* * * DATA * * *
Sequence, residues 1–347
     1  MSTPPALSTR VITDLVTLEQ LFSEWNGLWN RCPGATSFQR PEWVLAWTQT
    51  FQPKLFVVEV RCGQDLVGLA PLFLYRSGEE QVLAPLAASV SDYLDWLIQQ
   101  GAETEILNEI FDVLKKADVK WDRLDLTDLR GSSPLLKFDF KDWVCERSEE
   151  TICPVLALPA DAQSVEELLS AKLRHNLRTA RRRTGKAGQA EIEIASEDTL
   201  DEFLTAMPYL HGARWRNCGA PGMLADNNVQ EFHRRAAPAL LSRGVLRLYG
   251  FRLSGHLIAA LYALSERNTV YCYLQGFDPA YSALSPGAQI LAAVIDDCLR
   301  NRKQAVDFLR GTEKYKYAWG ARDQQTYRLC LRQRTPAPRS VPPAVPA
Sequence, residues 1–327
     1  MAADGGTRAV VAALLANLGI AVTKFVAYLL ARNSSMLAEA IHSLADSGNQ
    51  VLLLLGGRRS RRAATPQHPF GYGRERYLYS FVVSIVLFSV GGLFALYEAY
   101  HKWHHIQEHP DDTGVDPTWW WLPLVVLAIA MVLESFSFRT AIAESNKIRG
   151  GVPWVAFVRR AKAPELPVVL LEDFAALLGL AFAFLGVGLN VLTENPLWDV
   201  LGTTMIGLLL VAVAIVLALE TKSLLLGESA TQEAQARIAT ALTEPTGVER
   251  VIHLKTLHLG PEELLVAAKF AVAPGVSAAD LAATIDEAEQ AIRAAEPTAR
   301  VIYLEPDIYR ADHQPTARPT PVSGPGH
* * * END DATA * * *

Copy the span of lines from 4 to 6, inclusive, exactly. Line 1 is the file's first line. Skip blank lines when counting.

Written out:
   101  GAETEILNEI FDVLKKADVK WDRLDLTDLR GSSPLLKFDF KDWVCERSEE
   151  TICPVLALPA DAQSVEELLS AKLRHNLRTA RRRTGKAGQA EIEIASEDTL
   201  DEFLTAMPYL HGARWRNCGA PGMLADNNVQ EFHRRAAPAL LSRGVLRLYG